For a seventh-grader, Jessie Aney's accomplishments are dazzling and dizzying. After claiming second place in the Class 2A state tennis tournament this fall – beating proven high school juniors and seniors – the middle-schooler was recently named Sports Illustrated's Sports Kid of the Year. In her first varsity hockey game last month for Rochester Century, she scored five goals.
As a recent November afternoon settled into night, Aney, 12, was pausing just a minute at a coffee shop to chat before hitting a United States Tennis Association end-of-the-year awards dinner. But Aney had been on the run since before 8 that morning, getting up to stretch, throw around a football with her dad and wolf down breakfast before winning two doubles tennis matches and a grueling three-hour singles match. When she was done, she sprinted to the car and threw on her hockey gear while her dad drove to her hockey game – which she just missed, due to traffic.
For most, playing three critical tournament matches and a hockey game in one day is unthinkable. For this 4-11, 90-pound girl, the disappointment from not being able to do it all showed on her momentarily sullen face. Her father stood behind her, weaving her hair into a single, blond French braid – a pattern with as many folds as her life.
"Well, it's normal," said Aney, who has been called the Energizer Bunny, with a grin. "I don't really get tired. I think I've always been like that."
When Aney was 2, she first put on a pair of skates. Around the same time, she picked up a tennis racket.
Three years later, she was competing in both and would dedicate huge chunks of her life to her new passions: slamming a tennis ball against the back yard wall for hours at a time, and shooting pucks in the basement until her hands bled. At 7, determined to make the same traveling under-10 hockey team as her older sister, Aney would disappear downstairs for entire evenings.
"She came upstairs; her knuckles were bleeding," said her dad, Tom Aney. "I thought she was done, but she just said, 'Will you tape these up?' " He chuckled affectionately, as if he still couldn't believe it. "I told her no way would she make that team, but you know what, she did. I think she was down there trying to prove me wrong."
In elementary school, she would lug her dad to the Rochester Tennis Connection every morning before school, to hit around before rushing to class.
"She would meet me at the door as I was opening almost every day," Tim Butorac, the RTC director said. "And after school, she'd be there. Whenever her dad came by to talk, he'd tell her, 'Why don't you go hit a couple balls against the backboard.' An hour later, she'd still be there, and he'd have to drag her out."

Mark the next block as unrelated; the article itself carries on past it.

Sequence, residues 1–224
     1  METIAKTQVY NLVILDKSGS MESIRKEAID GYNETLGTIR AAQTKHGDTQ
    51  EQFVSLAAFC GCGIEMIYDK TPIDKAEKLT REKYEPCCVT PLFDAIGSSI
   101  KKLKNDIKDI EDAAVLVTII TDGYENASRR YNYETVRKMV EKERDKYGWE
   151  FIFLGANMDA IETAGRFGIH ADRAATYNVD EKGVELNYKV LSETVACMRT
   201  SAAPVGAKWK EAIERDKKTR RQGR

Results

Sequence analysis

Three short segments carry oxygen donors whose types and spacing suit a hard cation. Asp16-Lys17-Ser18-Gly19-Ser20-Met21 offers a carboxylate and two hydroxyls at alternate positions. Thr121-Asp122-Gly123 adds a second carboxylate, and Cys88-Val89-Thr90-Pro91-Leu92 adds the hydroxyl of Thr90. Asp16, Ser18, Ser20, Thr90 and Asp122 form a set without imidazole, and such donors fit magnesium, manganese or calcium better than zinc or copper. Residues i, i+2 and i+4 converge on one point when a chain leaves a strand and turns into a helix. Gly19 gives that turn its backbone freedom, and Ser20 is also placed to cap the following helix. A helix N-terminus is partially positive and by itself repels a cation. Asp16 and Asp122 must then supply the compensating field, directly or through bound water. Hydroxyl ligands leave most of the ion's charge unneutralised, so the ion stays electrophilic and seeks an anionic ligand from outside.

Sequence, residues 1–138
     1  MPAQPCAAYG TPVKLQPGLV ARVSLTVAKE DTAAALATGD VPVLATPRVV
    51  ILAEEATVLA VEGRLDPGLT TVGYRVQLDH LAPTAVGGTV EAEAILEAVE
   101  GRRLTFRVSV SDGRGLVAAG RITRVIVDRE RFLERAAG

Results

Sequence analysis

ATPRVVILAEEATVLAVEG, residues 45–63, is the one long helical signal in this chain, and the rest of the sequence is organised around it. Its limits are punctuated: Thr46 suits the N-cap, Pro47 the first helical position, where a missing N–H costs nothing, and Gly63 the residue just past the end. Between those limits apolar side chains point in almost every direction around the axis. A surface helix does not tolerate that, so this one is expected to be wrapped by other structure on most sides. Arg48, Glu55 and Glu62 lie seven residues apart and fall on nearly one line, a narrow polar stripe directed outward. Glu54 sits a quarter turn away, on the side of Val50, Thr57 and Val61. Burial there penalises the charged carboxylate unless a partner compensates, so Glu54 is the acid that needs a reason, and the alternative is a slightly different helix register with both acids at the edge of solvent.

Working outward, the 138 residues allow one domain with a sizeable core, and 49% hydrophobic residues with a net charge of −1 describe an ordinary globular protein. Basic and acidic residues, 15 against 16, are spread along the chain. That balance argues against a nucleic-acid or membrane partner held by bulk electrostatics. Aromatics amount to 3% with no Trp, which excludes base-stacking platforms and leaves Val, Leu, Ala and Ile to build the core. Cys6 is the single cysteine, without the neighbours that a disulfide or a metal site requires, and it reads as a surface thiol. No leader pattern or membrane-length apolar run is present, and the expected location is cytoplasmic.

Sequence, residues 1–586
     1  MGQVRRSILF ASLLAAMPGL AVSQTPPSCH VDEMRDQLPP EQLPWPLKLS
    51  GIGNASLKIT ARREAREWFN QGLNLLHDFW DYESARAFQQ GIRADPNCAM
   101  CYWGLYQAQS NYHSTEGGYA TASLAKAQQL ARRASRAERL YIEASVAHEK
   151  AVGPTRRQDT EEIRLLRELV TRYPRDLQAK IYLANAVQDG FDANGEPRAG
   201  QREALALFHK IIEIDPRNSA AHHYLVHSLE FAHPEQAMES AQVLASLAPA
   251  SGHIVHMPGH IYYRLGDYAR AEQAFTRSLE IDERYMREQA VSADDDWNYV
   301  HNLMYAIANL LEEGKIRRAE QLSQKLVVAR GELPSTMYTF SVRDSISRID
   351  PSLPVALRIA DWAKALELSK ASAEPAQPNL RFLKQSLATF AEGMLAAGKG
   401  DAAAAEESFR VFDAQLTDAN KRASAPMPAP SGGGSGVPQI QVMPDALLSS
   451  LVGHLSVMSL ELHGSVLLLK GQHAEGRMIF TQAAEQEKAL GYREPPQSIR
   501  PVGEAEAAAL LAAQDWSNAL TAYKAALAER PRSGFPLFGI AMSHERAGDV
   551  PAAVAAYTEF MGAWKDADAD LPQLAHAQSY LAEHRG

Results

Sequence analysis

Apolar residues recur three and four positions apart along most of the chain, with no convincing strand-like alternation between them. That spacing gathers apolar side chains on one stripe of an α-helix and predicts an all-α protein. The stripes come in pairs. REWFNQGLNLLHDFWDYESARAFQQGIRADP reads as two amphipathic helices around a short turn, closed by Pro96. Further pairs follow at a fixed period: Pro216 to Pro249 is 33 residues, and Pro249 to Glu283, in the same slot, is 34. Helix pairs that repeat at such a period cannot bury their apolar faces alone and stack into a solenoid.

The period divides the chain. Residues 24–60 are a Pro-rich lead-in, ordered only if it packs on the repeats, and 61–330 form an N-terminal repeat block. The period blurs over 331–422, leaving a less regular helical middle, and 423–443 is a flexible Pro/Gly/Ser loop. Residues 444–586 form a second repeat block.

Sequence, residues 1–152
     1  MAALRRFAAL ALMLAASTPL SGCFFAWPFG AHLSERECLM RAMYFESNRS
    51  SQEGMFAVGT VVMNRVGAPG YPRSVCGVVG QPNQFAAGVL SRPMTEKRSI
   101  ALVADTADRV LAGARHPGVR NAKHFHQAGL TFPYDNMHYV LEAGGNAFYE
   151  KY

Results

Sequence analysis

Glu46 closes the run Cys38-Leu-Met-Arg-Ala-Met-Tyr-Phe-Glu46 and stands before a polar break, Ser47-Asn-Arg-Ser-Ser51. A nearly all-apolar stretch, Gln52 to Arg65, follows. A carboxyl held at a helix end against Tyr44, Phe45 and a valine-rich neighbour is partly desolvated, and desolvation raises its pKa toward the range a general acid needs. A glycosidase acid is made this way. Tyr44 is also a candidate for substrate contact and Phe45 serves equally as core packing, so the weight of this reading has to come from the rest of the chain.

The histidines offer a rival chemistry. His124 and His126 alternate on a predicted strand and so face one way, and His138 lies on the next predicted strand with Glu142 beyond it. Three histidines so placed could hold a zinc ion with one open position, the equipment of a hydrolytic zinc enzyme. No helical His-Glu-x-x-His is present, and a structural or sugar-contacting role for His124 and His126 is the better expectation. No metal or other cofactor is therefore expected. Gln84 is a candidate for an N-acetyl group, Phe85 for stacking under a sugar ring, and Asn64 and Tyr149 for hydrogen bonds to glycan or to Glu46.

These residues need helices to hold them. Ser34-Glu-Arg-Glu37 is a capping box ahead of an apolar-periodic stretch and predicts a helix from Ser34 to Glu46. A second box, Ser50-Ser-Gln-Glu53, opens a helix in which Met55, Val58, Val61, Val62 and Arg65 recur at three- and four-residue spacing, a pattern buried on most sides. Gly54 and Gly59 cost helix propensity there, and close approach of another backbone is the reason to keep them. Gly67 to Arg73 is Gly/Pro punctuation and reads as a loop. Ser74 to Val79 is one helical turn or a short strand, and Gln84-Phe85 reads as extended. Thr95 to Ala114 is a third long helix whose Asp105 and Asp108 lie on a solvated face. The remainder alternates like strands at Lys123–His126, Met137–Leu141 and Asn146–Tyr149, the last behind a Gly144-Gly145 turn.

If you ask Tom, nothing has changed. Jessie still smacks around tennis balls in the snow in the mornings, and spends weekends on the makeshift ice rink her dad built.
"You don't see that," said Jessie's hockey coach, Dan Maidl, of her unending drive and spirit. "No matter what she does, it's always 110 percent, 90 miles an hour. I've never seen her worn out or tired. ... And I think with kids, especially 12-year-olds, that's extremely rare."
During Jessie's run at the tennis state tournament this year, the young star happily plopped down at a restaurant, scooped up a pile of crayons and started coloring on her paper menu. Her coach, Kyle Anderson, had to laugh. "It's so easy to forget she's just a little girl," he said. "I was like, 'Wow, she really is a 12-year-old.' "
It is easy to forget sometimes. Aney is No. 15 in the USTA national rankings for her age group. The five-goal game in her varsity hockey debut led the Panthers to a 7-3 victory – a big deal for a team that won just three games in the previous four years.
The Sports Illustrated honor came last month, and with it a series of radio and print interviews. She attended the ceremony in New York City last week, where she met New Orleans Saints quarterback and SI Sportsman of the Year Drew Brees. He told her he wouldn't want to play against her in tennis.
The whole experience left Aney starstruck, her dad said.
At her sporting events, her aunt, Cathy Schilling will sit in the stands and just listen to the reactions from people who have never seen her play – "They just freak out," Schilling said.
But her dad said that through it all her feet have remained firmly on the ground. She doesn't try to read the papers or listen to her radio interviews. "For her, it's just something somebody asked her to do, and she did it, and that's that," Tom said.
In fact, when you ask Jessie to name the biggest compliment she's ever received, she pauses thoughtfully for just a moment before saying, resolutely, "When someone compliments me on my sportsmanship, because that's really the most important thing to me."
Her coaches echo the same, saying players that go on the court looking at a little girl come off full of respect.
"They're all just baffled," Anderson said. "They come off saying what an impressive player, and what a great sport she is. She can destroy you in a sport, and you'd still want to root for her."
It seems like everyone is.
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